Those videos from Matt are not new. He has been saying the same thing about directory links for years now. So, why am I writing this article? Why talk now about whether or not directory links are natural? I have noticed a trend lately of site owners actually causing damage to their rankings by being too aggressive with their disavow of directory links. Please know that there are some directory listings that are not only acceptable, but are vital to maintaining your local rankings. In my opinion, directory listings are one of the most important factors when it comes to ranking well in the Google maps or local pack positions. Your directory listings, if done properly, count as citations. You definitely don’t want to cut out the good ones.
So, which directory listings are good ones to keep? Here are some criteria that I use to determine which directory links are valid ones. Keep in mind, though, that these are rough guidelines. It’s very easy to bend some of these suggestions so that you start including links that are not really good ones. Be sure to be brutally honest when assessing these links. Please note that this list below is just my opinion of links that would be considered natural by Google:
- A listing in a well known directory such as DMOZ, Yahoo directory, Best of the Web, etc.. The exception would be if for some reason you were able to sneak a keyword anchored link past one of the editors. But, in general these are acceptable links.
- Local directories. In most cases a listing in a local directory for your city is probably OK. Again, use the criteria mentioned above. If it’s a followed keyword anchored link then I would either remove or disavow it. Also, if it appears that this directory is linking out to absolutely everyone who wants to be listed, then it’s probably not so good.
- Niche directories. Here is where there can be some grey area. If I am a photographer and I am listed in directories that list wedding photographers or real estate photographers, that’s probably OK. But, if I come across a directory that’s called "Wedding Photographers directory" and has links to casinos, payday loans companies, and other completely unrelated sites then that’s not so good. Think honestly whether users would actually use this directory before making your decision.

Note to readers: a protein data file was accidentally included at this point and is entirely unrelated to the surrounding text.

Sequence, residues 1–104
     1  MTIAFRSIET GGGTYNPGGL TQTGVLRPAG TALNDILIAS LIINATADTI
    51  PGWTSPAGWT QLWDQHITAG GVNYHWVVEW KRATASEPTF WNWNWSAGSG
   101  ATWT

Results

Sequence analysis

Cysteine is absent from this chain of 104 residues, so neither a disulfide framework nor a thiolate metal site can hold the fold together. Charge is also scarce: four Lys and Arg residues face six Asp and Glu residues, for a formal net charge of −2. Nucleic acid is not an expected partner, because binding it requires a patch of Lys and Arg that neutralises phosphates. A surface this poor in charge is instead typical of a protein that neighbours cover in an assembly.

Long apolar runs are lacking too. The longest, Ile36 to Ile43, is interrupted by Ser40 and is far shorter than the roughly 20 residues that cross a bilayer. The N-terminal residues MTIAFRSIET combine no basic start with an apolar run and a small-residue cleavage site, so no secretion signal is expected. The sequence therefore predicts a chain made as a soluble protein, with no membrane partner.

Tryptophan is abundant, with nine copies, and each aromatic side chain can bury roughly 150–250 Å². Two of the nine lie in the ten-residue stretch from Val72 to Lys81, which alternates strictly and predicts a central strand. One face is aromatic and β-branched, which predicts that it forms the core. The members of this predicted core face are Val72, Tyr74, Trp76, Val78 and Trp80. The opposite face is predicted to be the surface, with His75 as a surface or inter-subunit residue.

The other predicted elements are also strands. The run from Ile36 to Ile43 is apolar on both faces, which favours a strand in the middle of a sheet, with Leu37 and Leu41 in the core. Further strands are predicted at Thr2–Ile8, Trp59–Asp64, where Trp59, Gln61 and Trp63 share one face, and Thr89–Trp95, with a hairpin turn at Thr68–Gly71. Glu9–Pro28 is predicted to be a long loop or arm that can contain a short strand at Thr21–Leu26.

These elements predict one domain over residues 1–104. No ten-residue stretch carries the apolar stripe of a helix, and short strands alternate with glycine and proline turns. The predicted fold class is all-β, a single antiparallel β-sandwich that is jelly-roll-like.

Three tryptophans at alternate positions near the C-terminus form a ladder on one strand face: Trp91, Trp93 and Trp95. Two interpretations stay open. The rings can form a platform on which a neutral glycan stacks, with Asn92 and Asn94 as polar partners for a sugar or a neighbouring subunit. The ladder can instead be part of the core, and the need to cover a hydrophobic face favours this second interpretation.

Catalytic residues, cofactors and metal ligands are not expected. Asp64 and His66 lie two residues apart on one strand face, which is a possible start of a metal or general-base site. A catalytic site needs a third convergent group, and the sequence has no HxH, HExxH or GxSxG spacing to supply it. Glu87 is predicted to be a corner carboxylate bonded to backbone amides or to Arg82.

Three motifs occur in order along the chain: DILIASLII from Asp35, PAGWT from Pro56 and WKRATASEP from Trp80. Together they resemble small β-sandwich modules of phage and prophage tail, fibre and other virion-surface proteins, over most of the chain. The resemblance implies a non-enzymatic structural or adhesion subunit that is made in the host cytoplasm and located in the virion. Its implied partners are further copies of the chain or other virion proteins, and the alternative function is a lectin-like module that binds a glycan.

What About Paid Directories? Are They All Unnatural Links?
Not all paid directory links are bad links. If you’re a professional and you have paid money to be accredited by your licensing body and this includes a listing in their directory of recommended professionals, this probably is not going to get you penalized. Where you can run into penalty problems is when you are paying for directory links just so that you can get high PR links. If there is very little chance that you will actually get traffic from this link, then think twice about purchasing it. Also, if your entire backlink profile is made up of links from paid directories, then this could look unnatural to the webspam team should you get a manual review.
Other Directory Links That You Can Probably Ignore.
There are a huge number of scraper directories out there. These are directories that have scraped and reproduced all of the listings from Dmoz, Yahoo, or other well known directories. If you see something that says, "Help us build the largest human-edited directory on the Web" on the listing, then you know that these are just scraped Dmoz links.
When I do a link audit I ignore these links. The rare exception would be a case where someone was able to sneak a keyword anchored link pas the Dmoz editors. If this happens, then I want to clean up all of the scraped links as well.
I also ignore most directory listings that are nofollowed. However, if it’s a really spammy looking directory, I often do disavow it just in case they somehow change their links to followed links.
By the way, if you have a whack of links from subdirectories of m.biz, you can get rid of most of those by disavowing "domain:m.biz" at the domain level.
Should You Pay to Have Directory Links Removed?
A lot of low-quality directories will request a fee if you ask to have your link removed. I believe that a good number of directories were created just so that they can make money from people who are desperate to get links removed. At this point, I do not recommend paying to have directory links removed. I might possibly pay a small fee if I have a listing in a large spammy directory network and the owner of the network is willing to remove all of the listings for a reasonable fee. But, John Mueller from Google has very adamantly said that you should not have to pay for link removal. If you are trying to remove a manual penalty, then make a note in your progress spreadsheet that you have asked for link removal and that the site owner asked for money. If you are simply cleaning up your links to escape or avoid being affected by the Penguin algorithm, then in my opinion, disavowing these links will be sufficient.
Do You Agree?
I know that not everyone will agree with the guidelines that I have laid out here. It’s never a black and white decision. However, I hope that this article will help you to identify which of your directory links should be kept and which should either be removed or disavowed. I also hope that it will help some site owners avoid the costly mistake of disavowing their valid directory links.
If you have additional comments, I’d love to hear them!